Many employers assume that if an employee, especially in the healthcare arena, is suspected of engaging in some type of wrongful or dangerous behavior, they have the right to suspend the professional, with or without pay. A Florida appellate decision issued on June 12, 2013 indicates this may not be the case, absent express contractual language.
In Nancy Havens, D.D.S. v. Coast Florida, P.A., Case No. 2D12-10-47, the Second District Court of Appeal held that Dr. Havens had alleged a cause of action for breach of an employment contract sufficient to survive a motion to dismiss. Dr. Havens was in the middle of a five year employment contract when she was notified that she was suspended without pay, during the pendency of an investigation. Dr. Havens advised her employer that she could not be suspended without pay as her employment agreement did not authorize it. When her employer refused to pay her, she resigned and filed a breach of contract claim. After three lower courts granted Dr. Haven’s employer’s motion to dismiss, upon final appeal, the Second DCA held that the lower courts erred by improperly attributing “a substantive right into the contract that is absent from the employment agreement. Having authored the agreement, any ambiguity in the agreement must be construed against Coast.” The agreement was silent as to the ability to suspend or the compensation effects of suspension.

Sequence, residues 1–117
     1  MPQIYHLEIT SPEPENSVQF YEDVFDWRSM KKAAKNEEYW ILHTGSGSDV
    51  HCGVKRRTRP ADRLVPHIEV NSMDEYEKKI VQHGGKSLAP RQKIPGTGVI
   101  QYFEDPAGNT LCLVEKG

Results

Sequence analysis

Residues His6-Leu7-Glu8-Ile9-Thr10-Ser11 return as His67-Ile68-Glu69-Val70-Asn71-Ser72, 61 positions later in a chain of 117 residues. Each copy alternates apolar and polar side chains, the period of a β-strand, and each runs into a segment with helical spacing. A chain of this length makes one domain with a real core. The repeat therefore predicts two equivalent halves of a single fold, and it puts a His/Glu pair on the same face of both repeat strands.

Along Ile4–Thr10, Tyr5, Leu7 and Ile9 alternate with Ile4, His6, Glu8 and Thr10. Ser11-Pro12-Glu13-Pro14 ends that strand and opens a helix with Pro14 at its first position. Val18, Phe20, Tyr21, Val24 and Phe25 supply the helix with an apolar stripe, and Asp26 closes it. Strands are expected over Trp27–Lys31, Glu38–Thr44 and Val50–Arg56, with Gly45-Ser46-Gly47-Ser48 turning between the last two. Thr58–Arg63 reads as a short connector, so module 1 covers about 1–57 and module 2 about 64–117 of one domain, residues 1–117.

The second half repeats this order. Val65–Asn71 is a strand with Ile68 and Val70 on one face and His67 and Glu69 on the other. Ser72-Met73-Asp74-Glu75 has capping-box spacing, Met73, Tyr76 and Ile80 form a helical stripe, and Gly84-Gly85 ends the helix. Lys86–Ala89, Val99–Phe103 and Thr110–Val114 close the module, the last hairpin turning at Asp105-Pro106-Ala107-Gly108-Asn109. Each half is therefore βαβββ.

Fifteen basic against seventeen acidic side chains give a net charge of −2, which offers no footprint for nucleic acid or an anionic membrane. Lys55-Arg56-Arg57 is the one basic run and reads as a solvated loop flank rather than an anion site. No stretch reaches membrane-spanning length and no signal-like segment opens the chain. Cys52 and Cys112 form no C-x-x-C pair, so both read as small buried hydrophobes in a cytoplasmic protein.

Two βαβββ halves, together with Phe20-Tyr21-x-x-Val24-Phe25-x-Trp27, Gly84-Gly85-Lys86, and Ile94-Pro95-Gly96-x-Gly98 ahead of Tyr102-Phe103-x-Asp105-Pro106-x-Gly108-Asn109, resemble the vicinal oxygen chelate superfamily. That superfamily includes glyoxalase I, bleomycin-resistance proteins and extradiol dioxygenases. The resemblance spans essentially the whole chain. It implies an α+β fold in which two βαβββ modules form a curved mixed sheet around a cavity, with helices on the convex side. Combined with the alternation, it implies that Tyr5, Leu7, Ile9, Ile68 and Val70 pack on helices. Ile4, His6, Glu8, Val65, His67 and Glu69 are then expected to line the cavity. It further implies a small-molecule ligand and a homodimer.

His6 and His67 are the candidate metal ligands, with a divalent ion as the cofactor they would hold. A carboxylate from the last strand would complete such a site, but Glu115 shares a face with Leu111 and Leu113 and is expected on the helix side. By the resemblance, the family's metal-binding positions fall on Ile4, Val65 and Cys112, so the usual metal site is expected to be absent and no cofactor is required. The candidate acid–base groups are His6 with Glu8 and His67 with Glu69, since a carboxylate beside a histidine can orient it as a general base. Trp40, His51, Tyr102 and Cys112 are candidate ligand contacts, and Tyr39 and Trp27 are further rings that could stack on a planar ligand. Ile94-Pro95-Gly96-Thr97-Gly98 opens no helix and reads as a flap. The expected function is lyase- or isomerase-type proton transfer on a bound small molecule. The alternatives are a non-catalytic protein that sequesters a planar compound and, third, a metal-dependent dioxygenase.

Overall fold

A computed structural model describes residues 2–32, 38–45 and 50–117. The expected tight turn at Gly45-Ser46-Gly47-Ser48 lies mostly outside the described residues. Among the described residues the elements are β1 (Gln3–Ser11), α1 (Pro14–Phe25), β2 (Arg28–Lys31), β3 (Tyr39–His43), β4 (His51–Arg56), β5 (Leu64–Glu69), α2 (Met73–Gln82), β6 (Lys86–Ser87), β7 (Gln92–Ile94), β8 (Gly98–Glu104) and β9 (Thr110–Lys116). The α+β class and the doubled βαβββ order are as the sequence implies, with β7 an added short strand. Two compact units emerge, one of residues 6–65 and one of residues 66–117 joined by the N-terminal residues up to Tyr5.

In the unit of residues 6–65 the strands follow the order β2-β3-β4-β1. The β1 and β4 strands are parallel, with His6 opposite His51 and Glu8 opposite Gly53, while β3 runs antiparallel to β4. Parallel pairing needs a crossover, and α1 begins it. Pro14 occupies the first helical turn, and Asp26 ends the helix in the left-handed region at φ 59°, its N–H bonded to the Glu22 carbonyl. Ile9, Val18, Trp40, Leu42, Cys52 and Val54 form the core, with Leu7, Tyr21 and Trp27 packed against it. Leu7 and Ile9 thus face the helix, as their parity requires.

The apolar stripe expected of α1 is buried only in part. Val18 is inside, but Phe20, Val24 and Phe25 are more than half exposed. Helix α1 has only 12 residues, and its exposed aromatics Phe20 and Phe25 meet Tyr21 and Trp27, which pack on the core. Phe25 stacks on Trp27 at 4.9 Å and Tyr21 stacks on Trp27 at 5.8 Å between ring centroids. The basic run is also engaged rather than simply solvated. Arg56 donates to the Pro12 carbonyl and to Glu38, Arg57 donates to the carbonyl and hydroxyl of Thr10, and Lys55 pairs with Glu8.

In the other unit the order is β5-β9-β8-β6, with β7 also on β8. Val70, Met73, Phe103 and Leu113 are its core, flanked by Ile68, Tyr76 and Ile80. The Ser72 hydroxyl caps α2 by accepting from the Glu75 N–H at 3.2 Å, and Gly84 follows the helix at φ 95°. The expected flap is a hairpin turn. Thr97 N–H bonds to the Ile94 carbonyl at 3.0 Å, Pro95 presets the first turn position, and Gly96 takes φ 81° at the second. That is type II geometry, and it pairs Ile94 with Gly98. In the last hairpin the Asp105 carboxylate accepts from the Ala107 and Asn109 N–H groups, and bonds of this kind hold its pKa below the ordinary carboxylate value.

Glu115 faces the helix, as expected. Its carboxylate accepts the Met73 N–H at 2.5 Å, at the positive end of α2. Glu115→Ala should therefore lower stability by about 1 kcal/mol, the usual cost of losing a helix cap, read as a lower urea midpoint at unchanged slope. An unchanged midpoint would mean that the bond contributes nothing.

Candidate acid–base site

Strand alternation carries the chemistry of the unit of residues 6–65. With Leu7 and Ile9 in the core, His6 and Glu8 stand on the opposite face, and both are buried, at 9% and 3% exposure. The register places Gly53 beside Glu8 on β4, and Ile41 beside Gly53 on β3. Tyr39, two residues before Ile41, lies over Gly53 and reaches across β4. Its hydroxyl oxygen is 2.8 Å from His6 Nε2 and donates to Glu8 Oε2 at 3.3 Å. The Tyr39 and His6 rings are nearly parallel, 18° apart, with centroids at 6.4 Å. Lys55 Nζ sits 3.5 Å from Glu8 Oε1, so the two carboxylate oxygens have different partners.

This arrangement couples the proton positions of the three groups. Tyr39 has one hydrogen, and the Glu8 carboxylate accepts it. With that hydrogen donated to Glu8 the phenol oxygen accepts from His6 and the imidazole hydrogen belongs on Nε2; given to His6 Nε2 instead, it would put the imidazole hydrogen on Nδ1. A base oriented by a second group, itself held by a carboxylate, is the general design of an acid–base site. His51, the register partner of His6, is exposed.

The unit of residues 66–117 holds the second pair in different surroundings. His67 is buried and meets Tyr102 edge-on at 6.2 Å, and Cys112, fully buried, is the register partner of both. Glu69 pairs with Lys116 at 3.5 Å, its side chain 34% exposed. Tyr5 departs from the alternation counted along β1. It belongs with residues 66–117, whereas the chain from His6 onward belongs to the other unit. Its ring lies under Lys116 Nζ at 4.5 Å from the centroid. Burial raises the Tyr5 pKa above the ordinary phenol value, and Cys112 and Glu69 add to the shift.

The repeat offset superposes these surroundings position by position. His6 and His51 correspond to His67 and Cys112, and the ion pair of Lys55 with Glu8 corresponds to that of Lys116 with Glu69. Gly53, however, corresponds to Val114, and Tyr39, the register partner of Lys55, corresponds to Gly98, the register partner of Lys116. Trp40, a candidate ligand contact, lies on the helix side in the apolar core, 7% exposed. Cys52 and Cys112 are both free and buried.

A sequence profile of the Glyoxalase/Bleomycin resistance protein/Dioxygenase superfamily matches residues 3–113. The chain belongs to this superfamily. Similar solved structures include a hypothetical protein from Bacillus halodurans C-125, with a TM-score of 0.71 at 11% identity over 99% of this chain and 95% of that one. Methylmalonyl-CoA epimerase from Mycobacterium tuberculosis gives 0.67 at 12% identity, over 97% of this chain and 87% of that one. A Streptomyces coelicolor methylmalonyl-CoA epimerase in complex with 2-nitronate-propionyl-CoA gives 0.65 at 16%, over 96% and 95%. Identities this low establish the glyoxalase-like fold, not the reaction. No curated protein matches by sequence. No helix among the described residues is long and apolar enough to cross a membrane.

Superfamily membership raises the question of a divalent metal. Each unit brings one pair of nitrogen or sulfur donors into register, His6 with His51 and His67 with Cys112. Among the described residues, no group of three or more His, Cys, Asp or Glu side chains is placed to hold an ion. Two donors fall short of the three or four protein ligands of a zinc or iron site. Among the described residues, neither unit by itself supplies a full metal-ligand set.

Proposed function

For employers, you may wish to consider including the right to suspend, with or without pay in your employment agreements. For employees, be aware that if your agreement contains express language regarding suspension rights and the effect on compensation, it likely will be enforceable.Follow us on for more content updates